(March 8, 2006) -- Read on for league reaction to the NFL's new labor agreement.
NFLPA executive director Gene Upshaw:
On behalf of the players, the NFLPA staff and the negotiating team, we are pleased that this process has finally concluded with an agreement. This agreement is not about one side winning or losing. Ultimately, it is about what is best for the players, the owners and the fans of the National Football League. As caretakers of the game we have acted in the manner the Founders intended. While they could not possibly have predicted the economic growth and revenue streams, they clearly saw the structure. Wellington Mara would be both proud and pleased today.
I want to personally thank the commissioner, Paul Tagliabue for his outstanding leadership, vision and integrity. This agreement would not have been possible without him. His team of Roger Goodell and Harold Henderson were also important.
Additional thanks go to my old boss, Al Davis, for being the first to rise, as he did in 1993, in support of Paul and an agreement. And to Dan Rooney and Jerry Richardson, who just would not give up. Finally, thank you to our players, led by President Troy Vincent and his Board of Player Reps, for their unconditional support and encouragement. They are the real heroes.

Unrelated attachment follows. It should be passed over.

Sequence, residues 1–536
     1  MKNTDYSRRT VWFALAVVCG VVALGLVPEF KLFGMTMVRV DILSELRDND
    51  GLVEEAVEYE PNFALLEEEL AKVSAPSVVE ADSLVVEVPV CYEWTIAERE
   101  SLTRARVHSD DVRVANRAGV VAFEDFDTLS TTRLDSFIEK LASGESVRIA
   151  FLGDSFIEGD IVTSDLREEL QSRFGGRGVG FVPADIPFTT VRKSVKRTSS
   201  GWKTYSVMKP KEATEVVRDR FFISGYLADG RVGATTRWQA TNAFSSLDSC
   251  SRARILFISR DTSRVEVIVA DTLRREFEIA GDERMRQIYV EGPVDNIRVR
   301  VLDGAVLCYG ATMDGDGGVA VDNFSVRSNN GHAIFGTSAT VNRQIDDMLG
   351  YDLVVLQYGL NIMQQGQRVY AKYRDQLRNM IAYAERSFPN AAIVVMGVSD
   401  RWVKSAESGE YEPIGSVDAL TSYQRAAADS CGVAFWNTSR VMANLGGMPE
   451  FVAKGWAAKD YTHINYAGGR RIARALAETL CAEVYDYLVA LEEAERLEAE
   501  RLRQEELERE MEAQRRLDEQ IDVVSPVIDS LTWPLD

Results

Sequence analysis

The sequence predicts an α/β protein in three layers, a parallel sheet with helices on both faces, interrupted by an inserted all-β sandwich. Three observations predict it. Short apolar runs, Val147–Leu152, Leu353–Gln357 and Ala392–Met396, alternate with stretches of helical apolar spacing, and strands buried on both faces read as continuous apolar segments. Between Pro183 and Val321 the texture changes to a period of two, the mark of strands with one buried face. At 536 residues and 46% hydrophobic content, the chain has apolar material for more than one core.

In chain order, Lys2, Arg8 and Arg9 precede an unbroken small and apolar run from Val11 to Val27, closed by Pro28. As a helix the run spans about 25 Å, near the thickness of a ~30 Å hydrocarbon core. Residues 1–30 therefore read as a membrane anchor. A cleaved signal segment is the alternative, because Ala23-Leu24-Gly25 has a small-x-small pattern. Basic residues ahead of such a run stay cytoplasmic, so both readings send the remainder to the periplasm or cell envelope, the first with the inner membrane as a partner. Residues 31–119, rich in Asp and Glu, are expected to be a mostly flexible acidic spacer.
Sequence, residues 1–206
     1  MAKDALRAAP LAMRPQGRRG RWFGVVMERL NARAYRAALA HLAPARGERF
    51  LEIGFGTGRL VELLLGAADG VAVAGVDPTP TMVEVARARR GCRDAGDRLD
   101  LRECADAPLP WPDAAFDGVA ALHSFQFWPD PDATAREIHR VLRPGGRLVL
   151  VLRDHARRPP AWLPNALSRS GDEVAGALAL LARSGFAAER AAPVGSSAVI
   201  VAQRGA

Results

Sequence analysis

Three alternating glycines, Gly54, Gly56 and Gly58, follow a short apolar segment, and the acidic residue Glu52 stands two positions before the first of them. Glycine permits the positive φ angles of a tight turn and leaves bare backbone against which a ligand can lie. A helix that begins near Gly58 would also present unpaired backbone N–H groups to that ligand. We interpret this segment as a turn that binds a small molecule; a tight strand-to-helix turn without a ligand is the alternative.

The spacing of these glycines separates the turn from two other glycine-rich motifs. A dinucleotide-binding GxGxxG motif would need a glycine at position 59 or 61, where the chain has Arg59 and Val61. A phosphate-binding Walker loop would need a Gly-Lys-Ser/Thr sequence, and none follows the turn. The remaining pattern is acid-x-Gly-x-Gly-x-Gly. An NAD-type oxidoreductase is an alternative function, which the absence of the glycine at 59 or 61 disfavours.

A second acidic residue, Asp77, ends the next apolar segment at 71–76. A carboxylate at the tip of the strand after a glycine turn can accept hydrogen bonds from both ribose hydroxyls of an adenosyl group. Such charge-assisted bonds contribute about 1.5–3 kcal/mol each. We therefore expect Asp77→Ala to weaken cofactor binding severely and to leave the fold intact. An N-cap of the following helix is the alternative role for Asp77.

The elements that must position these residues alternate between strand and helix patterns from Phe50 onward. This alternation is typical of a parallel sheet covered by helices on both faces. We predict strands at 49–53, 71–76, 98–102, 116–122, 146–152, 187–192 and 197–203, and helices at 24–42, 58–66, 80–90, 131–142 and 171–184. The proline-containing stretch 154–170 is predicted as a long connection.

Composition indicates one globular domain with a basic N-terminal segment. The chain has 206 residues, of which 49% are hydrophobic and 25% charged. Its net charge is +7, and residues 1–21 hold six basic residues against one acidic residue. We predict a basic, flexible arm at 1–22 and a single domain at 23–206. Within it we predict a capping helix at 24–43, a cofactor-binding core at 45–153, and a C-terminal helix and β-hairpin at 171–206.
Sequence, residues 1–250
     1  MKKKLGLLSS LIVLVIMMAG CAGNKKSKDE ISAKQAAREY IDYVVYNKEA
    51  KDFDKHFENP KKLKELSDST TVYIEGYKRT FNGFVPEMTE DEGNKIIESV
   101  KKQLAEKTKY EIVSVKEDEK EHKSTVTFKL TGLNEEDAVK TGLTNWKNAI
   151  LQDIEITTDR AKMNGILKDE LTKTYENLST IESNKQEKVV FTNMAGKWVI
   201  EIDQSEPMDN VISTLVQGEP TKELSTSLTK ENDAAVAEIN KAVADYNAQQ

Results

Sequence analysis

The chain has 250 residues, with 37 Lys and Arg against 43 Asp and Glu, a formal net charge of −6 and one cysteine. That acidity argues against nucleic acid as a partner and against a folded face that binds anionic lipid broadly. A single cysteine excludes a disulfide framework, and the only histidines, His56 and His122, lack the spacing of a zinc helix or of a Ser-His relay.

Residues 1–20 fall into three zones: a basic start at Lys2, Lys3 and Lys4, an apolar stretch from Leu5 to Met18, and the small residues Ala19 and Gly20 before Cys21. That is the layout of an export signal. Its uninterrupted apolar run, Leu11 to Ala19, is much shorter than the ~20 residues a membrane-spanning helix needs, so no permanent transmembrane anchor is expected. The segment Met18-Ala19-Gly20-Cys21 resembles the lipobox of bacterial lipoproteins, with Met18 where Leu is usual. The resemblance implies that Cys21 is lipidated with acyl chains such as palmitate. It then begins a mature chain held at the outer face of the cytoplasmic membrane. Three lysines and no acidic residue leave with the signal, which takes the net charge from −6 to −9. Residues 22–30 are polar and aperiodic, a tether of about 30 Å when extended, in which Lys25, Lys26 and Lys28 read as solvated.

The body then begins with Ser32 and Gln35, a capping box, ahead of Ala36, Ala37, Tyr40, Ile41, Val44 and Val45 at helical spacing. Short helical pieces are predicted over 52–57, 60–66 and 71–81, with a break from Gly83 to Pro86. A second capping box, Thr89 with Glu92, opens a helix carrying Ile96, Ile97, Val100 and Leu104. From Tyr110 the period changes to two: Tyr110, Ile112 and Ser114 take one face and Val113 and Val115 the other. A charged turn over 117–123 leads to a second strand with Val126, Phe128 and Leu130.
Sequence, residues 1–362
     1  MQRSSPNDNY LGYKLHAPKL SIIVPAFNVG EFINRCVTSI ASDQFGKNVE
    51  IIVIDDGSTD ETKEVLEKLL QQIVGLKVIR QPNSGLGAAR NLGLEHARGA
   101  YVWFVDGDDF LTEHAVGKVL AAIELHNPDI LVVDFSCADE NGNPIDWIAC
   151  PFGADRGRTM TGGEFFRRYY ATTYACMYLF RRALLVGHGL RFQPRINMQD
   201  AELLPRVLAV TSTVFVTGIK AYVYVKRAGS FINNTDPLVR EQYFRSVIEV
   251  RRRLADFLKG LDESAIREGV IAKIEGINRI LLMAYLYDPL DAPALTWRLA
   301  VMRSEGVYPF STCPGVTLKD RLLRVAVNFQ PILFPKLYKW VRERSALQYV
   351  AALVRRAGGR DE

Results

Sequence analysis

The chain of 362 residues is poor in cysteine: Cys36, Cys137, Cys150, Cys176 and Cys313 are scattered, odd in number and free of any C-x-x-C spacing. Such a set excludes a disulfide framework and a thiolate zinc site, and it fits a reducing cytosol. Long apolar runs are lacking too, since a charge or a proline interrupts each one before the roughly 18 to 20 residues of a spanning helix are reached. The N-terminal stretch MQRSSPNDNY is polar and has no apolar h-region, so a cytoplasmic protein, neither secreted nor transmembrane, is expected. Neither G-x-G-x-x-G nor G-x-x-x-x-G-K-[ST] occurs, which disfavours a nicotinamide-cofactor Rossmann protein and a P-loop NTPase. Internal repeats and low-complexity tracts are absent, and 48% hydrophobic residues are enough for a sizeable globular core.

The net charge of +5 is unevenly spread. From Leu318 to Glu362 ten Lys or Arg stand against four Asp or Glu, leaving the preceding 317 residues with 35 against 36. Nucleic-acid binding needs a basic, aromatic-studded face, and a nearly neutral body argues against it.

Moving forward, this new agreement gives us the opportunity to continue our unprecedented success and growth.
Buccaneers general manager Bruce Allen:We have been confident that a deal would get done and we can now begin building on last year's success under the terms of this extension. The NFL has been the premier sports league in North America for decades, and this new deal should allow us to continue with our unprecedented growth. As for the Buccaneers, we were well positioned to move forward under either scenario, and we are looking forward to using the new CBA parameters to improve our team.
Packers president Bob Harlan:We're delighted with the new CBA and that a salary-cap system was preserved. Continuation of the salary cap was our number-one goal because without it the long-term viability of the Packers would be in doubt.
This has been a very difficult two days of meetings for me, John Jones (Packers E.V.P. and COO) and John Underwood (former Packers treasurer and NFL revenue-sharing committee member). But the resulting new labor deal protects the future of the Green Bay Packers. Dramatic revenue-sharing will enable all clubs to be competitive in this new system. We supported revenue sharing and are very happy to see it continued.
We have always felt that the National Football League had the best system in professional sports and fortunately we have been able to maintain that system, which creates 32 competitive teams.